Yea, right. The truth is the things of normal daily existence seem to take up a lot of our time. Just cooking, cleaning up, getting the boys to and from school, doing extra school lessons with the boys, grocery shopping, running errands, finding ways for the boys to burn energy and relaxing a bit can take up whole days. Some of these daily to-dos are made more challenging simply because they are done in a foreign language and culture.  For example, the idea of one-stop-shopping is so far-fetched as to be laughable. Just today I tried to buy superglue to repair one of Luke’s toys.  The quest for one simple items involved numerous half understood conversations, visiting four different stores and walking two or three miles all around town. When I reached the much discussed store, it was closed for some unknown reason.

Entertaining and educating the boys, it seems me, also takes more time than it did back home (I say it “seems to me” because I might just be realizing now how much work it took Jamie the past six years!). There is the extra time for the English and math lessons which we anticipated, but man do I miss sending them to the family room to play with their numerous toys or to the yard to run in the grass and dig in the dirt.  Here in our apartment the “family room” and “back yard” are the same thing, which is the space right next to our desk. It’s where I hooked up my Rip 60 exercise equipment so I could get…well ripped!.  Although I have only used it maybe four times in nearly two months, the boys spin and swing on it for hours on end.  Thank God for Rip 60. Here’s a short video of Luke building his core strength!

Even with these new challenges we do have more free time than we used to. A lot more. I’m not working and that frees up countless hours.  The boys are in school five mornings a week.  Also, we have a wonderful lady named Elena who comes to help around the house three mornings a week. We pay her twice the going rate, but I’m still amazed at how much we get for so little.  This extra time allows Jamie and me to split the family responsibilities and chores pretty equally.  We have settled into a nice routine where we have a date on Tuesday mornings, family adventures on Saturdays and where we take turns with the boys in the afternoon allowing focused attention on them from each parent and large chucks of open time for the other person.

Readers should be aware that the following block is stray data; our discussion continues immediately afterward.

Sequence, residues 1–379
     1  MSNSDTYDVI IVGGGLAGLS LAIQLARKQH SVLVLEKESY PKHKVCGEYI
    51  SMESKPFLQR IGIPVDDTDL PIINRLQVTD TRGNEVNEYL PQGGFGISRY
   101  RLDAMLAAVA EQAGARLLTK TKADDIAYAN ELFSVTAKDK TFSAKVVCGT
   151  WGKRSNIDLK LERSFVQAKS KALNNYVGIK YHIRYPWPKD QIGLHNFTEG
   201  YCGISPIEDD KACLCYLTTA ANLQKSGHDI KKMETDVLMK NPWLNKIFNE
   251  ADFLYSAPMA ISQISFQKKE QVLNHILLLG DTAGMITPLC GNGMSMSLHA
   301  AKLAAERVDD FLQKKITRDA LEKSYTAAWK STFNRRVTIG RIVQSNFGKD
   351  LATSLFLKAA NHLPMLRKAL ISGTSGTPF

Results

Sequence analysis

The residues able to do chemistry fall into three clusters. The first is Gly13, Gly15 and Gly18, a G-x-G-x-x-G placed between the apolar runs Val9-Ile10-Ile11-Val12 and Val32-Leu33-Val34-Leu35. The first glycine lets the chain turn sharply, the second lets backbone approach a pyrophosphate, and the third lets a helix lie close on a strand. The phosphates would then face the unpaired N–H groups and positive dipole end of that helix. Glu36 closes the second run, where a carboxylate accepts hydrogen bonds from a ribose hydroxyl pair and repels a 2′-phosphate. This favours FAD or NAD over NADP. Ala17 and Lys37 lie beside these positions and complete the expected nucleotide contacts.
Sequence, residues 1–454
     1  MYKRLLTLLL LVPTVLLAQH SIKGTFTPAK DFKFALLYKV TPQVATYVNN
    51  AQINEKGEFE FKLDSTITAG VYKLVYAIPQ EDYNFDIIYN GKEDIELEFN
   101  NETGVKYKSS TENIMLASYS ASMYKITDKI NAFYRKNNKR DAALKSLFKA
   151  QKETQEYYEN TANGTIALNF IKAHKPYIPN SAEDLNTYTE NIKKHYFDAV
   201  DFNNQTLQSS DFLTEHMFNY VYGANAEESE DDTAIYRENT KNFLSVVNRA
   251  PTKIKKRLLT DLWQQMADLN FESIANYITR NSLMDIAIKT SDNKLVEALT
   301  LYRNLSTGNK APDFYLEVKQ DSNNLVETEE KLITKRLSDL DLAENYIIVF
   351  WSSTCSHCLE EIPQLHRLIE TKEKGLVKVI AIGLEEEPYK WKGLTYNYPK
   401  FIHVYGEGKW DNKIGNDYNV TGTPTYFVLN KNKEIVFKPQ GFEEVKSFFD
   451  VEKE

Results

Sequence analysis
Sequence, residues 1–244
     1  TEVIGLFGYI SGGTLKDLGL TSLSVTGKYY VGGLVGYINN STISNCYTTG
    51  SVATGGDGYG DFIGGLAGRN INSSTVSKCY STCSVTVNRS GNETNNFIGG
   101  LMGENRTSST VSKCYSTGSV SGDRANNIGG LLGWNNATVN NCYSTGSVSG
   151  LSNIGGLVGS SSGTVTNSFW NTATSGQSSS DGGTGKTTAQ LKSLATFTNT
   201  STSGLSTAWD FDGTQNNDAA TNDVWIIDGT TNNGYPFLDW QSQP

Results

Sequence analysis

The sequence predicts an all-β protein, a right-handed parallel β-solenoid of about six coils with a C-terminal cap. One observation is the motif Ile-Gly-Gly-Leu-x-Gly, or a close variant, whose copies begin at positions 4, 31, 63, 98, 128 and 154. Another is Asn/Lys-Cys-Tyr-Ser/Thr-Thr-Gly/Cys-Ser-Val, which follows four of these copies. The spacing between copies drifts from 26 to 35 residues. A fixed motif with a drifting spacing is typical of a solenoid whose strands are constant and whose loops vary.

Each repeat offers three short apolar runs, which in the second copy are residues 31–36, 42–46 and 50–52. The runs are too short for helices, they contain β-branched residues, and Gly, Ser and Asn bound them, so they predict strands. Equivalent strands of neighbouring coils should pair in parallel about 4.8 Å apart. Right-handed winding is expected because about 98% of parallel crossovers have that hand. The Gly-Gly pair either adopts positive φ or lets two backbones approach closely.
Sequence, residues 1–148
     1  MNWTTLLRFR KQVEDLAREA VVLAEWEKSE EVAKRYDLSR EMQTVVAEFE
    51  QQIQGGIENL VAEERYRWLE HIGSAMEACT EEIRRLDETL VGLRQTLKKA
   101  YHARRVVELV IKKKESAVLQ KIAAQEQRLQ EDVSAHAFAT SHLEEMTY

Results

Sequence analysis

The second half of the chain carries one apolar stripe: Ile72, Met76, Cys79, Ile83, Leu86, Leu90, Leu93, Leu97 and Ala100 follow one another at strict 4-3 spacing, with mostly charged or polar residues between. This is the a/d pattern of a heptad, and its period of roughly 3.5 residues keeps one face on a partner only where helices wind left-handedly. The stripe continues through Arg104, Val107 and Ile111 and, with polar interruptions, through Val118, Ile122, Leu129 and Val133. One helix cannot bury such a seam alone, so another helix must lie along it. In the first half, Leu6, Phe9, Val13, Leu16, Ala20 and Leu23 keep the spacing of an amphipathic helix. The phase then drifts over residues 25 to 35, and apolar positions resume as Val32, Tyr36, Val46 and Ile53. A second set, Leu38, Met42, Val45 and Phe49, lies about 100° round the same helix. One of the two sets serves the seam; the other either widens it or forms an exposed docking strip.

With the extra time I am doing more yoga and trying to learn to meditate, but not trying too hard or that defeats the purpose…I think. I’ve taken up running, which is much less fun and more painful than biking. I read more than I used to and watch less TV.  The extent of our TV comes from the pirated $1 DVDs of recent American movies and TV shows sold out of ubiquitous little stores (which also somehow have selections of cheap Oakley sunglasses and Converse All Star shoes?). We go for long meandering walks through the countryside and these walks may be my favorite thing about where we live.

We study Spanish a lot; or maybe more accurately, I study some and then watch Jamie study Spanish more. Last, I’ve also found a surprising number of ways to stay busy without actually doing much which boils down to either spending hours on sites like reddit.com or taking naps bookended by games like tetris on my iPad.

So how do I feel about how I’m spending my time? Pretty good actually. The main reason is that I get a lot more time with Luke, Vaughn and Jamie. We’ve spent the last 88 days together. At first, it was a bit much for me to be around the boys almost all of the time, but after maybe week three or four it started to feel normal and a never-before-seen casual comfort set in. Daddy being around was no longer just for evenings and weekends.  Much of our time here is spent doing unspectacular things like riding a bus or eating a meal but what a blessing to be able to enjoy and just be in these moments with my family. Back home I was often too busy or preoccupied to simply enjoy just hanging out with my boys.